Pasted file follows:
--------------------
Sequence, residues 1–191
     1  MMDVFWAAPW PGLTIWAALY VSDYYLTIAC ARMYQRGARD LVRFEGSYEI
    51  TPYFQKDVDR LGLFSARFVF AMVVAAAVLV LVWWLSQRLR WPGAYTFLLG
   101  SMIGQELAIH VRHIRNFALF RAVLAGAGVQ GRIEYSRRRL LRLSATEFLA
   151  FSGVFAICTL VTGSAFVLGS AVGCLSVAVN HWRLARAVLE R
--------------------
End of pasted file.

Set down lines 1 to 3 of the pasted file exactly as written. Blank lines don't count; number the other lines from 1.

Sequence, residues 1–191
     1  MMDVFWAAPW PGLTIWAALY VSDYYLTIAC ARMYQRGARD LVRFEGSYEI
    51  TPYFQKDVDR LGLFSARFVF AMVVAAAVLV LVWWLSQRLR WPGAYTFLLG